We will never see this again

Federer Nadal Djokovic
Photo: Especial

By r.d.c. kreimerman

20:20:20 in 202One

On July 11,  2021 we witnessed a momentous event in the world of professional Tennis. Novak Djokovic from Serbia, won the Wimbledon Championship becoming the third man in history to win twenty Grand Slam titles. What is even more remarkable from an historical point of view is that the three men that accomplished this monumental feat are contemporaneous and, for our own benefit, they are still active players. 

The four Majors are the four most important tournaments in Tennis (Australian Open, Wimbledon, Roland Garros and The US Open) It used to be that winning the Grand Slam meant winning all four tournaments. Today, we call each of them a Grand Slam tournament. Winning just one of these prestigious tournaments could be one of the greatest achievements of any tennis player. Winning twenty is just out of this world. 

The Australian Open started in 1905, it was the fourth of the Slams to be created. Even though Roland-Garros (A.K.A. The French Open) started in 1891 it was not recognized as a major until 1925. In the beginning, only players who were members of French Tennis clubs were allowed to enter the French Open. It was in 1925 when it was finally open to all international amateur tennis players. 

Players rarely shine alone. They need great rivals to push them and propel them to new heights and every generation has had their fair share of memorable rivalries. Bill Tilden from The US was the first player to win 10 Grand Slam Titles. Some of his contemporaries included the group called The Four Musketeers: 4 prominent French players who dominated the sport in the 20’s and 30’s: René Lacoste, who won 7 Grand Slams; Henri Cochet with 7; Jean Borotora, 4; and the doubles specialist Jacques Brugnon win 10 doubles titles.

The 60’s and early 70’s were a golden age for Australian Tennis. At the top of the list of great players were Rod Laver who won 11 grand slams and Roy Emerson who established a new record with 12.  Between the 4 players from Australia (the other two being John Newcombe and Ken Rosewall)  won a staggering 38 titles combined. This was the generation that saw the advent of the Open Era: Up until 1968 only amateur players were allowed to compete in Grand Slam Tournaments. In that year tournaments agreed to also allow professionals.

Björn Borg came close to Roy Emerson’s record of 12. Borg had won 11 Grand Slams by the time he was twenty five years old but, due to burnout, retired one year later. John McEnroe, one of his great rivals, was unable to persuade him to continue. The late 70’s and 80’s was the era of Jimmy Connors (8 Grand Slam titles), John McEnroe (7) and Borg, followed by Ivan Lendl (8), Mats Wilander (6), Stefan Edberg (7) and Boris Becker (6). Records don’t last forever and it was time for the Big Four.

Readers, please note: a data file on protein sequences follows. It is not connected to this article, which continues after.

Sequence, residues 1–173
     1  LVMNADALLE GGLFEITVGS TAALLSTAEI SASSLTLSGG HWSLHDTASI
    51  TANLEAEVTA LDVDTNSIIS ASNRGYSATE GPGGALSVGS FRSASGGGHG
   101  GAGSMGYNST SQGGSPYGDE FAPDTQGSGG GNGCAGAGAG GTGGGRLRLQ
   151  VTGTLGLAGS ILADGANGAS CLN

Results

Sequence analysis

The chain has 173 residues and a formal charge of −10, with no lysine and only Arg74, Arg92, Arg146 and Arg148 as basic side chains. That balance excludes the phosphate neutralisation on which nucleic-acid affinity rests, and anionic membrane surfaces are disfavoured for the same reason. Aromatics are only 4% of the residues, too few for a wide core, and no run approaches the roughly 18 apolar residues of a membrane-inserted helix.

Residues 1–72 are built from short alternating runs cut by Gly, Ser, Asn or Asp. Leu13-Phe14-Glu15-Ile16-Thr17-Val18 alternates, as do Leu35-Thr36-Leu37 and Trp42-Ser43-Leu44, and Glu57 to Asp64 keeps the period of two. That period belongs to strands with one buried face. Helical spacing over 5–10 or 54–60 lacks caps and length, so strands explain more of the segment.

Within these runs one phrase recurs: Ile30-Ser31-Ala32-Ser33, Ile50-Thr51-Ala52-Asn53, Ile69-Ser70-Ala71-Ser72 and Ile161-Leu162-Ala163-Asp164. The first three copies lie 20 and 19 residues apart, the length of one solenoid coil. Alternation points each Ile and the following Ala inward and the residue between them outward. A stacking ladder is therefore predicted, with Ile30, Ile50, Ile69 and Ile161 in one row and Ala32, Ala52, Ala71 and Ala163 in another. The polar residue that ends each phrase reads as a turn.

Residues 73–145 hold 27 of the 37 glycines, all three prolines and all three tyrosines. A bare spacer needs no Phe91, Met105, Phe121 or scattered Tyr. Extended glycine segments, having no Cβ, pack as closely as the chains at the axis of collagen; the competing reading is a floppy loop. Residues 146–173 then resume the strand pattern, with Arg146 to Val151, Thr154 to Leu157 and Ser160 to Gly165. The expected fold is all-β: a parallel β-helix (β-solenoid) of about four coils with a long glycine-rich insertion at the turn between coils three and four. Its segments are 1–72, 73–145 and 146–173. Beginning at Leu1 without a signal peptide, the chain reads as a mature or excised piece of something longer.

Before the Big Three there were the Big Four: Pete Sampras, Michael Chang, Jim Courier and Andre Agassi were the flag bearers of American Tennis during the last decade of the 20th century. Pete Sampras was the first Tennis player ever to win 14 Grand Slam titles, breaking the previous record held for thirty five years. The Big Four won 27 Grand Slams combined.  Then, a tennis prodigy from Switzerland named Roger Federer would break Sampras record just seven years later. Sampras’ record would be shattered not once but three times in the next two decades. 

Roger Federer won his first Grand Slam Title in 2003. Two years later a teenager from Spain, the fierce competitor Rafael Nadal, would win his first Grand Slam. The tally at that moment was Roger 4, Nadal 1. Three years later, the relentless Novak Djokovic won the Australian Open for the first time. These are the Big Three: The most dominant players in tennis history. 

From Rogers’s first win at a Grand Slam in September 2003, up until Novak’s win at Wimbledon in July 2021, there have been 72 Grand Slam tournaments held (Wimbledon 2020 was cancelled due to Covid-19). In 23 occasions, the final has been played entirely by members of the Big Three; at least one member has been to the final game in 67 occasions and they have won 89% of these opportunities.  

Roger Federer, Rafael Nadal and Novak Djokovic are extraordinary players, arguably the best ever, and it has been a pleasure to watch over the years. Luckily for us they are not over, they are still winning and continue to improve the world of Tennis. But one day, their dominance of more than 18 years will come to an end. Their individual records will last for a long time but not forever. In the future there will come a player that stays longer at number one, wins more medals or wins more Grand Slam titles. It always happens in sports. 

One of my favourite quotes from Winnie Pooh is “People say nothing is impossible but I do nothing every day”. To have once again a generation with three players that win 20 or more Grand Slam titles sounds very close to impossible. This has to be one of the hardest records to break. 

r.d.c. kreimerman









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